The change of coaches was prompted largely by what seems could be the end of the BMC Racing team – but there weren’t any public displays of frustration. Bailey’s influence on Porte remains but allegiances had to be altered.
“The first nine days are not really about where your weight is. It’s probably better to get through the race healthy.”
Pinotti is a clever guy, but so too Peiper who is now itching to see what can be done between the start in the Vendée and the end in Paris on 29 July.
“I think of the past years' Tours,” says Peiper, “this year is probably a [course] that really suits Richie and his strengths with some short stages that are really hard and a hard final time trial – that really plays to his strengths.”
The last time the Tour began in the Vendée, BMC had a different Australian as its leader. Cadel Evans was never outside the top four on GC for three weeks. That’s how it was when an Australian won the Tour for the first time.
That was Cadel’s seventh Tour; 2018 will be Porte’s eighth start, but only his third as a team leader. Peiper says the lessons of the past will serve the 33-year-old Tasmanian well and he’s excited he gets the chance to be in the car for three weeks advising Porte alongside Fabio Baldato – and a host of others responsible for BMC's tactics employed at the Tour.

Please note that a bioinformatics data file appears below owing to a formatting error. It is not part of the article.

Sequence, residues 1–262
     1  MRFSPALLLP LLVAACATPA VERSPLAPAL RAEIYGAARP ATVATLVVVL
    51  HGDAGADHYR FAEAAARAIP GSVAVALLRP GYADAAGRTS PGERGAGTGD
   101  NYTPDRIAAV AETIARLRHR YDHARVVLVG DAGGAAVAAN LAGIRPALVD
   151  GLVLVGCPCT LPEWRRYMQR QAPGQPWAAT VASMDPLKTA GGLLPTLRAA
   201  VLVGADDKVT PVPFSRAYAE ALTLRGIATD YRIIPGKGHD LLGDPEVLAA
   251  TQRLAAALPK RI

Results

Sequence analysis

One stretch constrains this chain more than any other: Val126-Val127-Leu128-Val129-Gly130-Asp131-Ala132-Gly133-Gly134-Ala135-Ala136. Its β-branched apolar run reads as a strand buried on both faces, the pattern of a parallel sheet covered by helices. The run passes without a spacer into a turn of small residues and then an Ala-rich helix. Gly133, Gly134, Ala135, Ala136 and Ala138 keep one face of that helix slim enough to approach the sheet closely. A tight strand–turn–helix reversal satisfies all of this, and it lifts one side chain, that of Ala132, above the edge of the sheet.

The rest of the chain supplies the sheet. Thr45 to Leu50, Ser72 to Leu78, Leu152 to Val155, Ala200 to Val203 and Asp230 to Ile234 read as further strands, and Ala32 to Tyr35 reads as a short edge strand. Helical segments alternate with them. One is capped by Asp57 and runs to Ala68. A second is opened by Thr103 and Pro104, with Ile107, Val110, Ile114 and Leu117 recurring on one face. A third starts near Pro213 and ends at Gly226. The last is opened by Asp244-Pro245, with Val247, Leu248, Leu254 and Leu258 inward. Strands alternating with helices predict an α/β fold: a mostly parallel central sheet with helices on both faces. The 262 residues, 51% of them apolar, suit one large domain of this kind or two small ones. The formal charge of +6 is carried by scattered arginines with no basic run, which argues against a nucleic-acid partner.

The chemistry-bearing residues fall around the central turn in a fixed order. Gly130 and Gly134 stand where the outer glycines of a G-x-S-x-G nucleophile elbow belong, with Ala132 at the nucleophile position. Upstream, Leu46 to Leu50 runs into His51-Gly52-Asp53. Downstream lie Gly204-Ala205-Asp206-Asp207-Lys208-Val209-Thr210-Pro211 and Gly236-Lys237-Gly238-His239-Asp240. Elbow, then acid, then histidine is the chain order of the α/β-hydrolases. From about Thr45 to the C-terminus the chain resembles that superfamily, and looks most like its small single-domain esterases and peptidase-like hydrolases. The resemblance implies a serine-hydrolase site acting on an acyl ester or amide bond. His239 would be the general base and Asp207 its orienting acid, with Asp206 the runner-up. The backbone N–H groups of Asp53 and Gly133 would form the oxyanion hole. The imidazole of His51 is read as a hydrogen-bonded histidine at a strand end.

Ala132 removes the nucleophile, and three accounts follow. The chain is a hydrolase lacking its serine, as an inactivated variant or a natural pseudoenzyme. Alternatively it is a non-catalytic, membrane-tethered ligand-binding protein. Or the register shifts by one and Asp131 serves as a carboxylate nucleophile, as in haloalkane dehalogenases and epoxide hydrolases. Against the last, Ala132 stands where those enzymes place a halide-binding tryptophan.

In the car, it’ll be a mix of opinions but it’s Peiper who will be doing the talking.
“It was a request of Richie’s for a couple of years already,” explains Peiper, “that I’d be at the Tour de France and a request of his that I’ll be on the radio. That is a language thing as well.
“Fabio [Baldato] is a great director as is Valerio Piva but my Australian [heritage] and English is probably quite bit clearer, so I’ll be in the first [team] car with Fabio. He is the first director,” says Peiper of the arrangement for guiding Porte at the Tour in 2018. “He’s driving the car, he makes final tactical decisions, but I will be speaking in the radio to the team for that language part as well and also for the familiarity part.
“Fabio and I worked together in [the Tour de] Romandie,” he says of the race in which Porte placed third on GC.
“We put this plan in place already last [European] winter and we used it effectively in the Tour de Suisse, where I was speaking in the radio and [Baldato] was driving the car. So we were bouncing off each other a lot and using other external forms of information to help us.
“I think, going into the Tour, we’ve got a good system and I’m really looking forward to it.”
We won’t hear much of what Peiper tells Porte on the road to Paris but rest assured, he has a key role in the outcome and if it transpires he reaches Paris in the yellow jersey, Peiper will have contributed to that success. If it happens, it’ll be the highlight of an amazing career in cycling.
“I started off racing when I was a kid in Australia as a 12-year-old in Yea, came to Europe when I was 17, turned pro when I was 23, retired when I was 32. I had a few years floating around.
“I came back in as a sports director in my 40s and moved up the ranks through different roles, from technical director to performance manager to sporting manager. And I think probably the time I’ve done in cycling has all led to this moment in my career – you know, going into the Tour de France, having a prolific role with an Australian who can do a great race, I think that’s the culmination of my career.”